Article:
In 1989 however, Reflexe had launched a mid-price series, reisuing earlier Reflexe recordings from the LP era (and also albums that, though produced by Electrola and Gerd Berg, were originally published in other series than Reflexe, like Alan Curtis’ Goldberg Variations), and that series totalled circa 40 releases, with none after 1991. But again, in the early 2000s, there was a one-off revival of EMI Reflexe, under the auspices I believe of Electrola, still EMI’s German subsidiary, in the form of 10 multi-CD sets,  again under the general title “Stationen Europäischer Musik”, reissuing the ten original EMI Reflexe LPs sets – and that included a number of albums that had already been CD-reissued on EMI Reflexe’s mid-price series -, but now with the original 1970s-arty covers of Patelli. These boxes have become rare and expensive colllector’s items, more than the original EMI reflexe CD releases. The individual CDs are barcoded and often turn up individually on the marketplace.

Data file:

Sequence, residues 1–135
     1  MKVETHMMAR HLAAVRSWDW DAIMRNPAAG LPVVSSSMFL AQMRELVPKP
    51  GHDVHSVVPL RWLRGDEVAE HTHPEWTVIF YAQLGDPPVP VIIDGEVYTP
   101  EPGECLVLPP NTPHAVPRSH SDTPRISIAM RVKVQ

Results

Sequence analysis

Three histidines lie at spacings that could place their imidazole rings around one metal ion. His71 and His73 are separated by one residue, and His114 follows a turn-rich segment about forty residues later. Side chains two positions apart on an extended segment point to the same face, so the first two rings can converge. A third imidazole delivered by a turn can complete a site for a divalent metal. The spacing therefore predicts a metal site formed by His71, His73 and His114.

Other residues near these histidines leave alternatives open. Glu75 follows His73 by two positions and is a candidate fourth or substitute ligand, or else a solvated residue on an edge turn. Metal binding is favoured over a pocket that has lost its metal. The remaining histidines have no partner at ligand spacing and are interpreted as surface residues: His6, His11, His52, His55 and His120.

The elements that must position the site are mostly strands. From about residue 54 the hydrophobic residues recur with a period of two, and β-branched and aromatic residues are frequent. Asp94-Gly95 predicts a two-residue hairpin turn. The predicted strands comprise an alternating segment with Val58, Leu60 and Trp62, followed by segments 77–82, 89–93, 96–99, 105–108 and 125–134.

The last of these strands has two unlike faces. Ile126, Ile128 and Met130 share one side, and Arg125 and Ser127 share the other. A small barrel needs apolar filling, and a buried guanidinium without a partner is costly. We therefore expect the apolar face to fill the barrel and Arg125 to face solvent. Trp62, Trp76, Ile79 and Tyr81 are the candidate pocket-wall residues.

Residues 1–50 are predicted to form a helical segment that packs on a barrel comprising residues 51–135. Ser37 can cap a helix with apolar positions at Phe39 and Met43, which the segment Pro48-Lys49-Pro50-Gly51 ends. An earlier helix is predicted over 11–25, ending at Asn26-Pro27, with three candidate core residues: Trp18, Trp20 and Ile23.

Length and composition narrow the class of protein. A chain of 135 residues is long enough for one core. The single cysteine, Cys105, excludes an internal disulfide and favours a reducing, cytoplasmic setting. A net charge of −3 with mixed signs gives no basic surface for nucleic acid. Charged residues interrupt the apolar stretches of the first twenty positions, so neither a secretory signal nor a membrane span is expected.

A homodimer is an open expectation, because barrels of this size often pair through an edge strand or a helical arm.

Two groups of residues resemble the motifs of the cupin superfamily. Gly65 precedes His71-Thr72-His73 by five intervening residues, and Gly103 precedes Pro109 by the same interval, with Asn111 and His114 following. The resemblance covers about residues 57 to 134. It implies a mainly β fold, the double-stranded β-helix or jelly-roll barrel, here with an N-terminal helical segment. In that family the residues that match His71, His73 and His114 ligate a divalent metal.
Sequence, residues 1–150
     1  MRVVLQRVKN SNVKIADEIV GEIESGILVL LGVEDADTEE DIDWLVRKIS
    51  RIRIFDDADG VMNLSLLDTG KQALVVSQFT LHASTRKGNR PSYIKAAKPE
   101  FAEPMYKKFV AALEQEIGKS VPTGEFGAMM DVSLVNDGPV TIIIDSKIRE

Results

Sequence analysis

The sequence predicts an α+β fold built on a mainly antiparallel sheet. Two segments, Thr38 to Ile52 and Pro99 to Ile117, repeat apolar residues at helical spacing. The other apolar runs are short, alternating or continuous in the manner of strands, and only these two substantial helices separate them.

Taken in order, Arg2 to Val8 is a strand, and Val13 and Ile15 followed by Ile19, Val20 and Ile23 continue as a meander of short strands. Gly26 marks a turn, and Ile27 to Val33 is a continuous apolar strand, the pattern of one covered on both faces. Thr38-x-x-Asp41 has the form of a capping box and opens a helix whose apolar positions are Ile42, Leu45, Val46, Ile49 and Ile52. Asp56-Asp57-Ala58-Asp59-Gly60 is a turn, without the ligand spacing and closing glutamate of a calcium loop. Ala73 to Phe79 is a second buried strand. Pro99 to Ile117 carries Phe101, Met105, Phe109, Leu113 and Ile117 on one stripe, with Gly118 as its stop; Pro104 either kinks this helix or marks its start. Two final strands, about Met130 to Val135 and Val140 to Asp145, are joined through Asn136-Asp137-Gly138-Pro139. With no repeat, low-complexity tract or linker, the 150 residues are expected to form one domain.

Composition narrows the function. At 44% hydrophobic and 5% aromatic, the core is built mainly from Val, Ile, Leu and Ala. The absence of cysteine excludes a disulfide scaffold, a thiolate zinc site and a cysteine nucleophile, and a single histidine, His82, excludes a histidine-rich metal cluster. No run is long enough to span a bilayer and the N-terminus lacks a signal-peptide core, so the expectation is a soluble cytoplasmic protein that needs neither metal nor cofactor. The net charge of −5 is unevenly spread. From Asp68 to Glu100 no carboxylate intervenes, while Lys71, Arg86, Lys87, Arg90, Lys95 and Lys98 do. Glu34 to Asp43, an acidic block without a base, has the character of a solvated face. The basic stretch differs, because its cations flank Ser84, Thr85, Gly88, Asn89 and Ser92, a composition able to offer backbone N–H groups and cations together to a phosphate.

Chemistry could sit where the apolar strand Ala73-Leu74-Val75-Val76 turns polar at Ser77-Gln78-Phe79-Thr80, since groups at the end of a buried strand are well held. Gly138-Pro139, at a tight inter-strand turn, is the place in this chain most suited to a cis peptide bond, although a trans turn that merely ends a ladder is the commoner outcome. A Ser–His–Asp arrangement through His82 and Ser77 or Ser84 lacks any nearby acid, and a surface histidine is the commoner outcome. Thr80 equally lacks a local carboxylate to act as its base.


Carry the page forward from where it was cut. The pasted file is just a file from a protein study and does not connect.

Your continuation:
And that’s the Frescobaldi CD that I put back on sale because I already had the previous mid-price CD reissue (it was part of set vol. 10), and maybe I should have done the opposite. But what’s done is done, I’ve ripped the contents to my computer (and checked that they were sonically the same as on the mid-price reissue) and scanned back and front covers, and you’ve got to let go… Maybe I’ll chance some day on an affordable copy of set vol. 10…